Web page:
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8573 Jefferson Hwy.
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10430 Excelsior Blvd
Hopkins, MN 55343
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1301 Cliff Road
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Burnsville, MN 55337
(952) 934 - 5526
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Wall Street eyes auto industry earnings for signs of demand destruction

“Auto sentiment is very poor. We get it. Higher rates, still high prices, low consumer confidence, a potential recession and European energy risk does not make autos a friendly place,” RBC Capital Markets analyst Joseph Spak wrote in an investor note last week.

Spak said third-quarter earnings “should mostly be fine,” with the focus being on company commentary and guidance revisions. He said 2023 estimates for the sector need to “move materially lower.”

RBC and other financial firms have signaled the auto industry’s supply chain issues could quickly shift to demand problems.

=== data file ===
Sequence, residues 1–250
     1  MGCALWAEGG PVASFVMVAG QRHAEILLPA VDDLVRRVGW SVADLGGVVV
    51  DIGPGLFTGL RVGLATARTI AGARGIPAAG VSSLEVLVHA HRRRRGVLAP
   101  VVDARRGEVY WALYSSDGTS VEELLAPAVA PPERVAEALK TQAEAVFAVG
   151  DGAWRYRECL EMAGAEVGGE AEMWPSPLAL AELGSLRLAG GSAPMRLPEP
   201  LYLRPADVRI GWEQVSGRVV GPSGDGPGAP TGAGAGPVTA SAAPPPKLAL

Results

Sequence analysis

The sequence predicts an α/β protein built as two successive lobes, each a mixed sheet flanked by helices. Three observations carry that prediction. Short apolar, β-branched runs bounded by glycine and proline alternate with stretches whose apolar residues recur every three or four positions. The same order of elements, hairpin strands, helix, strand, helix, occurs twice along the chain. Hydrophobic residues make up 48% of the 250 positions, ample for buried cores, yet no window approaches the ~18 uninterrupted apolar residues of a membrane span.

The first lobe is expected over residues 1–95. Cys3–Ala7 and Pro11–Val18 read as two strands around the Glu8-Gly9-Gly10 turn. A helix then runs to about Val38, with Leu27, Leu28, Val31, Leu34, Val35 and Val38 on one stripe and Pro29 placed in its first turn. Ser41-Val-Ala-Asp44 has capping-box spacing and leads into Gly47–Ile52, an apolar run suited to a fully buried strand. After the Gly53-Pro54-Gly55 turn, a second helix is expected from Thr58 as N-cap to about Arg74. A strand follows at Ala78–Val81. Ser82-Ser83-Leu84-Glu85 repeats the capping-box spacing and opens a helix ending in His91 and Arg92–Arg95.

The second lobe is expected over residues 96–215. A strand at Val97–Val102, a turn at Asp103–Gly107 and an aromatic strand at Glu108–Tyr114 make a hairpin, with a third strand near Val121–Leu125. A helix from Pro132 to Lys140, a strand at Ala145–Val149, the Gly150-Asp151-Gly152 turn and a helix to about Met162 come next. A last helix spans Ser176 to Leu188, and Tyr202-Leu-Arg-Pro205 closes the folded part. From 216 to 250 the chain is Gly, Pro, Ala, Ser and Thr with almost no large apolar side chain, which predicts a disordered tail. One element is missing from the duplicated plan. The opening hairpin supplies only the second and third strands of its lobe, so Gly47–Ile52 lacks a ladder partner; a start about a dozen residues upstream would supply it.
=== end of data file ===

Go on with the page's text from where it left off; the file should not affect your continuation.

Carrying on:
Profits for U.S. and European car companies are set to drop by half next year as weakening demand leads to an oversupply of vehicles, UBS analysts led by Patrick Hummel told investors last week.

He said the overall automotive sector in 2023 “is deteriorating fast so that demand destruction seems inevitable at a time when supply is improving.”


On Oct. 10, Hummel also downgraded General Motors and Ford Motor, predicting it that it would take three to six months for the auto industry to end up in oversupply. He said that will “put an abrupt end” to the unprecedented pricing power and profit margins for the automakers in the past three years.

The investment firm downgraded Ford to “sell” from “neutral” and GM to “neutral” from “buy” – sending both stocks tumbling roughly 8% during intraday trading on Oct. 10.

The downgrades came weeks after Ford said parts shortages affected roughly 40,000 to 45,000 vehicles, primarily high-margin trucks and SUVs that haven’t been able to reach dealers. Ford also said at the time that it expects to book an extra $1 billion in unexpected supplier costs during the third quarter.